I was voicing my concerns to the Gypsy Runner the other day, and he (wisely) told me not to over think it. True, but I can’t help myself. He also told me that I’m a much better runner than I was last year. Also true, but it’s hard to believe that when I feel like I’m running so slowly most of the time these days. So, my anxiety is being fueled by one part lack of confidence plus one part lack of courage. I haven’t yet worked myself up to the point of accepting the pain that will be required to suffer through 13.1+ miles of 9-minute miles. But I think I will get there in the next 3.5 weeks. And until I do, I guess there’s no point in worrying too much about it.


Howdy! My name is Jen and I live in the San Francisco Bay Area. I like to eat, run, and blog, but not usually at the same time.

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Posted in Goals, random
10 comments on “Easier Said Than Done
  1. Amy says:

    As a chronic worrier…I understand all of your fretness. I completely think that you are going to dominate the heck out of this half marathon. 3.5 weeks is plenty of time to convince yourself to dig deep when things get rough. You can do it!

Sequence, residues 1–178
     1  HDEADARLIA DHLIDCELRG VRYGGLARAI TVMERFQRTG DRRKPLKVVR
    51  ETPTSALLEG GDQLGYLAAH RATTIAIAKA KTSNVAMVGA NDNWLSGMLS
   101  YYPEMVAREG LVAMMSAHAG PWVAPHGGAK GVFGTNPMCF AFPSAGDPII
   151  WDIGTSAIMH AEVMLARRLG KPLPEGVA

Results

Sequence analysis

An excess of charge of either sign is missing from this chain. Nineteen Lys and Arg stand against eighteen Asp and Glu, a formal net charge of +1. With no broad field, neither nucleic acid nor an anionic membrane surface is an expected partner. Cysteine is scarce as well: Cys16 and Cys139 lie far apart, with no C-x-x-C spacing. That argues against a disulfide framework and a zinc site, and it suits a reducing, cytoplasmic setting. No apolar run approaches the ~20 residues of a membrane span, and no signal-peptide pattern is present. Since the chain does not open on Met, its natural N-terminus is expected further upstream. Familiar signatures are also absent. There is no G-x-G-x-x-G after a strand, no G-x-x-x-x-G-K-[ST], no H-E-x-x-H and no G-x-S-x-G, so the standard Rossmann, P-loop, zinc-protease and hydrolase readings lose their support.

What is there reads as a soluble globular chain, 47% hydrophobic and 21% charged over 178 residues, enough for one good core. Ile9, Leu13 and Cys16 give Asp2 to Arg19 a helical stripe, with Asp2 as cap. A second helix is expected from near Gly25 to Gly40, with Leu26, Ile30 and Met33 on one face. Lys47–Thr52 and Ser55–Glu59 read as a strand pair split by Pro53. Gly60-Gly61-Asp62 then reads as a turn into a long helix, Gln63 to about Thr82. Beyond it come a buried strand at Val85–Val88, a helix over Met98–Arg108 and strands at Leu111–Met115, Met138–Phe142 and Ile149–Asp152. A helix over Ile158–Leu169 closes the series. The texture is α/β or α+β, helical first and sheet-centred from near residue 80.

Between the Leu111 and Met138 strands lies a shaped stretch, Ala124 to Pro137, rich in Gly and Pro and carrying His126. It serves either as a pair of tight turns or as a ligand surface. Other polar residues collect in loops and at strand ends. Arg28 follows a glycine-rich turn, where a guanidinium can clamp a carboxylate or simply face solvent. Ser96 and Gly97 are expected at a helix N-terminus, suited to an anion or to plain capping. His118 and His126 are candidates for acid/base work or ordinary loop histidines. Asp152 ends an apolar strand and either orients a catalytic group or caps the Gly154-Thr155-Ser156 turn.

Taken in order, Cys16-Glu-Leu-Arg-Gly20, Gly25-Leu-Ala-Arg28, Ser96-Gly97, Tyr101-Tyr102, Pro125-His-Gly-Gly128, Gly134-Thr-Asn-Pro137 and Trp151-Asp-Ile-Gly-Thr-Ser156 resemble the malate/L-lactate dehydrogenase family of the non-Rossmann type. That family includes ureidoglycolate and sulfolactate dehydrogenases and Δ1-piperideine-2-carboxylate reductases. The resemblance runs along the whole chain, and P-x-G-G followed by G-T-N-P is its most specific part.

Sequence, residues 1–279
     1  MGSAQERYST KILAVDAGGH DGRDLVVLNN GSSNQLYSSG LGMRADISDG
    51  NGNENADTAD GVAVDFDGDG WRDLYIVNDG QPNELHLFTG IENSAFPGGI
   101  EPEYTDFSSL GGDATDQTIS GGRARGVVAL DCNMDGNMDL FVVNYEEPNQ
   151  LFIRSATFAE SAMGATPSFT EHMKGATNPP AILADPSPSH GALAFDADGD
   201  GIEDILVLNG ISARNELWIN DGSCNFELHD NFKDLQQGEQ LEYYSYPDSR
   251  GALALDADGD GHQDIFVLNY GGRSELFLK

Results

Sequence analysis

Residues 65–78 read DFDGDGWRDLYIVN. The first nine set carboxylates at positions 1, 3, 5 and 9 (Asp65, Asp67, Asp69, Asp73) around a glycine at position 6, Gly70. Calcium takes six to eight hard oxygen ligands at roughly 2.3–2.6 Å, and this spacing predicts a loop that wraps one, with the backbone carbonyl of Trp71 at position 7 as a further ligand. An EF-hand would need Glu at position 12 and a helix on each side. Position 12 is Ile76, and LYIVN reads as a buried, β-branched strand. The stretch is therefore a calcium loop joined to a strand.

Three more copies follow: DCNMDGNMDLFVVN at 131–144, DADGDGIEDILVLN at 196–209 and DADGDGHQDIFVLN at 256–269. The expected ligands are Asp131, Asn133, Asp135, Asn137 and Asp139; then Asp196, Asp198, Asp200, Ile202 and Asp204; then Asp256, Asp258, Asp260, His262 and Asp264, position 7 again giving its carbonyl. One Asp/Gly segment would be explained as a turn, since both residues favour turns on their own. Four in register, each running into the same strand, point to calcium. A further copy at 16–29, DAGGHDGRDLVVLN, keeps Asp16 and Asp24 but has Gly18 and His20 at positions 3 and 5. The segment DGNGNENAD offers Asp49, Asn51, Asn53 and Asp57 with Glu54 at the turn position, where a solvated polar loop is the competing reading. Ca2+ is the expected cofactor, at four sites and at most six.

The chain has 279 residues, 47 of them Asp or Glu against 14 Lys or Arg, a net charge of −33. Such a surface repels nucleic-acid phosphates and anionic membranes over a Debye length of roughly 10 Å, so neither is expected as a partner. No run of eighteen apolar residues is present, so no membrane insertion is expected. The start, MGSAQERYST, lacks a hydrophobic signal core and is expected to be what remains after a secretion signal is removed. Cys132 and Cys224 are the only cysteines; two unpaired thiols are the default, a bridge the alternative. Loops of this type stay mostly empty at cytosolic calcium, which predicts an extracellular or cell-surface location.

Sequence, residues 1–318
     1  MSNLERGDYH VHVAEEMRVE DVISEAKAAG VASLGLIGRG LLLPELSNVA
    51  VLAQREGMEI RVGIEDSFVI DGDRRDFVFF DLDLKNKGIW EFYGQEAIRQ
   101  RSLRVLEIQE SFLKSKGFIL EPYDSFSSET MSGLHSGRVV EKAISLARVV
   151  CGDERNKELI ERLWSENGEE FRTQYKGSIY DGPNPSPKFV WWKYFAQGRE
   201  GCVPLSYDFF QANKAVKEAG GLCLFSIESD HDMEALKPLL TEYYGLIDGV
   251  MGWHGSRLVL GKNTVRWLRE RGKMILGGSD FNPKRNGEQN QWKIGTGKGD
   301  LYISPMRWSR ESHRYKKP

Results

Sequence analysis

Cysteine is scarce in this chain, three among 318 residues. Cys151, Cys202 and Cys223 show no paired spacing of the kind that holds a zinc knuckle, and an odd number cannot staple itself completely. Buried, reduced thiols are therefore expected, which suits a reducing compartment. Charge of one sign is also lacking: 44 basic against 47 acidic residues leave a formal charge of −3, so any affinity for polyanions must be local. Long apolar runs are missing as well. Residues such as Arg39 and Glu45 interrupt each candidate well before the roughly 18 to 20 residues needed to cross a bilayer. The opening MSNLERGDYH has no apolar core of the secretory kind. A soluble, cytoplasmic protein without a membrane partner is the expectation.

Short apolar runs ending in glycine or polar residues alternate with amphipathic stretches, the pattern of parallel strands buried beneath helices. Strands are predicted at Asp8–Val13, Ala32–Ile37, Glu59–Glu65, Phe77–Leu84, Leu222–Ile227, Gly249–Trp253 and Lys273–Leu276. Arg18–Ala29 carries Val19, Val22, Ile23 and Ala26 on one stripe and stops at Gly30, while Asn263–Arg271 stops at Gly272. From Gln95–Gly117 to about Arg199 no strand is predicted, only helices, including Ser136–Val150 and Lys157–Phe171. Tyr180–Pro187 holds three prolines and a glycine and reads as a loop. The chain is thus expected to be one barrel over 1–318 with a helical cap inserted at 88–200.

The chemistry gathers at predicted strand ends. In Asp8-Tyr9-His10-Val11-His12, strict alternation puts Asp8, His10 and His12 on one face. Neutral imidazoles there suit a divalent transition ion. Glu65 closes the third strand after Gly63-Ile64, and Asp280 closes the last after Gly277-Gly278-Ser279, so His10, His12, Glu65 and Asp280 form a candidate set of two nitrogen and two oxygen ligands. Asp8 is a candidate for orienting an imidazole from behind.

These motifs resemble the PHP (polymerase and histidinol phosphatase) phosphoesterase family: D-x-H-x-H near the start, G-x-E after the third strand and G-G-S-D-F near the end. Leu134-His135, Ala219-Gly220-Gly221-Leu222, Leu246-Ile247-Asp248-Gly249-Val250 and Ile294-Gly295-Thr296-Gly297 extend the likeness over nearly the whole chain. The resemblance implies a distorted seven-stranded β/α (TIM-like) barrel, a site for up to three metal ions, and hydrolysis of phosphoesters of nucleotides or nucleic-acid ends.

2. Angela says:

    I soooooo think this is going to happen. You just had a great 5K PR!! Is the course the same (& thus long) again this year? I thought I heard something about some changes but I don’t remember exactly (like maybe they were going to get rid of that little out-and-back at the beginning?).

    • Jen says:

      Thanks, Angela! Re: the course, they did get rid of that awful U-turn at Broadway & Telegraph, but there are still some tight turns in the beginning. One nice thing is that they got rid of a lot of out-and-backs in Chinatown (that section seemed ridiculously long to me last year). Most of the course is the same though, and there are still 40+ turns!

  3. Dominick S. says:

    Here it comes…STOP IT…you got this! You have been a strong runner this year and although it seems daunting, don’t underestimate the power of your mind and the potential of the well oiled body you have, you are a running machine. I am not going to say you are going to go sub 2 because we never know what can happen, but I will say that you have prepared yourself physically to do it, and it sounds like you’re getting there mentally. 3.5 weeks, train right, and then focus that energy on the day of your race. I am excited for you.

  4. Cathryn says:

    I understand how badly you want this. All you can do is train your best and then run your best. You can’t ask any more of yourself than that! Adrenaline and good music may do the rest 🙂 I’m so excited for you, in any case.

    • Jen says:

      Thanks, Cathryn! You’re totally right. As long as I try my best on race day, then I won’t be disappointed… regardless of what the clock says.

  5. Tammy says:

    And some caffeinated goo during the last bit!

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On the docket…

4/28/19: London Marathon